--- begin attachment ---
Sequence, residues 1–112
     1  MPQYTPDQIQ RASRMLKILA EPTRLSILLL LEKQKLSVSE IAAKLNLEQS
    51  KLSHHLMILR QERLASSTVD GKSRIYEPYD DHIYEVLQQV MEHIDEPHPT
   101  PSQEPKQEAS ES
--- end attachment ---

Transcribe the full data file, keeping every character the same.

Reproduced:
Sequence, residues 1–112
     1  MPQYTPDQIQ RASRMLKILA EPTRLSILLL LEKQKLSVSE IAAKLNLEQS
    51  KLSHHLMILR QERLASSTVD GKSRIYEPYD DHIYEVLQQV MEHIDEPHPT
   101  PSQEPKQEAS ES